Richardson did receive some embarassing publicity in this article by Ryan Lizza who finds that his resume might not be enough:

Then again, a good resumé is not all it takes to win the nomination, and there are some signs that Richardson may not be the perfect candidate. In fact, as we get up from our seats to visit the play-by-play announcer’s booth, Richardson does something I’ve never seen any politician do. There are two women sitting in front of us. They are both young and attractive, probably in their twenties. The governor rotates his large frame sideways and shimmies out of his row. The two women smile up at him. As he passes, Richardson reaches down and places his fingertips on the head of one of the women, tickling her scalp as he opens and closes his hand. Then, as he reaches for the next scalp, his hand suddenly aborts its mission, as if the governor realizes this wasn’t such a good idea after all.

Richardson’s touching problem isn’t exactly news. In 2005, his lieutenant governor, Diane Denish, told The Albuquerque Journal that she goes out of her way to avoid sitting or standing next to Richardson because he’s a little too grabby. “He pinches my neck. He touches my hip, my thigh, sort of the side of my leg,” she told the newspaper, which illustrated the story with a photo of Richardson smiling mischievously as his hand reached around toward Denish’s backside while the two sat next to each other at a public event.

The truth is that Richardson touches everyone this way. He routinely twists staffers into headlocks and pokes or bear-hugs people he’s just met. At one event, I saw him grab a beefy union guy by the lapels and shout into his face, “Stay loose! No commitments yet!” His “political trait,” he writes in his recent memoir, is to get “up close and personal.” It’s part of his charm and makes him a natural politician (he is, after all, the Guinness Book of World Records champion for a politician shaking the most hands in eight hours–13,392 at the New Mexico State Fair in 2002). It’s also what enables him to negotiate with dictators–to treat them with the same level of cordiality as more upstanding members of the international community. But Richardson’s informal style is not without its drawbacks. On the most basic level, giving an unsolicited scalp tickle to a stranger is peculiar behavior for a presidential candidate, and Richardson’s touching has fueled a nasty whisper campaign that he’s unelectable. But, even if you put aside those rumors, Richardson’s style betrays deeper problems with him as a candidate.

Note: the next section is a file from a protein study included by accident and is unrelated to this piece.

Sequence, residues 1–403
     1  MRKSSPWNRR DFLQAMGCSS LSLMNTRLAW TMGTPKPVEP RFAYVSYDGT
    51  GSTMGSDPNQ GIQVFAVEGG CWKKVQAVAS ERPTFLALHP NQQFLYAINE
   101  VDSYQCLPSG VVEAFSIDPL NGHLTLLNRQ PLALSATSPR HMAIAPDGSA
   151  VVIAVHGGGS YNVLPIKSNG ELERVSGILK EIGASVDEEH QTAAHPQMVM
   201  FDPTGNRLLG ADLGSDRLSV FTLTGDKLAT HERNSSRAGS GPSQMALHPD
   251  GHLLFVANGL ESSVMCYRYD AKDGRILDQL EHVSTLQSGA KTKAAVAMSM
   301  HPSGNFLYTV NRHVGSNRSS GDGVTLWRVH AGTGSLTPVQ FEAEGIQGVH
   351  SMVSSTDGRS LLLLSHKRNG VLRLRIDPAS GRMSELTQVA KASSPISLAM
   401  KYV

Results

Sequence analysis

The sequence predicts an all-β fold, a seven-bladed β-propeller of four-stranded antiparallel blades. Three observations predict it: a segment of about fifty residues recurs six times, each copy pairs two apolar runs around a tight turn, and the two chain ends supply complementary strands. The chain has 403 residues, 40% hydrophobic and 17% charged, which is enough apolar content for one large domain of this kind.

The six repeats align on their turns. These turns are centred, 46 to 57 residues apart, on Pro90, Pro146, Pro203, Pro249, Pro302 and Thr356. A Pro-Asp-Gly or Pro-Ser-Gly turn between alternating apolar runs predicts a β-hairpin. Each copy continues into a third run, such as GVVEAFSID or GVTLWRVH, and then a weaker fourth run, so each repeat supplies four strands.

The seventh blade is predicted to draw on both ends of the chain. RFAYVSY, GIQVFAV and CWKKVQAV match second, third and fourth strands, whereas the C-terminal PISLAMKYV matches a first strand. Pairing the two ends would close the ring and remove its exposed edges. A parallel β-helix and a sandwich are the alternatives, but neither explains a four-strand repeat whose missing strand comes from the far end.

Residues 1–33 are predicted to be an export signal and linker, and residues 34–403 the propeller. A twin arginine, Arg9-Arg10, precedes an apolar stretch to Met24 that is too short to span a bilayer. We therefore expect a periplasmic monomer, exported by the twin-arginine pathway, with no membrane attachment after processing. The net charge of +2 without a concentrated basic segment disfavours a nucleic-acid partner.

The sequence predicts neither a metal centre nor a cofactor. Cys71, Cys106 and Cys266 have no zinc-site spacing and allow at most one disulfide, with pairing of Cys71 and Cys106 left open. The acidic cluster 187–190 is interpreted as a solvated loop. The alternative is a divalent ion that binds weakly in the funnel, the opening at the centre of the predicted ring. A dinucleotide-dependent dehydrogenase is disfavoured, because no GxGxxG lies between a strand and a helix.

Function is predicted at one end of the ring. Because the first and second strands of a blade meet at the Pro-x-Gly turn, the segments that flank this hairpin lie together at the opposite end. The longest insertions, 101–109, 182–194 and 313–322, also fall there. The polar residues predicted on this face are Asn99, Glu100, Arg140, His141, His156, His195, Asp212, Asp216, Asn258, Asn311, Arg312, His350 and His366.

The Fix finds that this behavior paints “a troubling picture for a man who wants to be the next leader of the free world.” Richardson wasn’t helped by the explanation from advisor Steve Murphey that, “Everybody touches everybody!” Michael Crowley sees a campaign theme song in that explanation: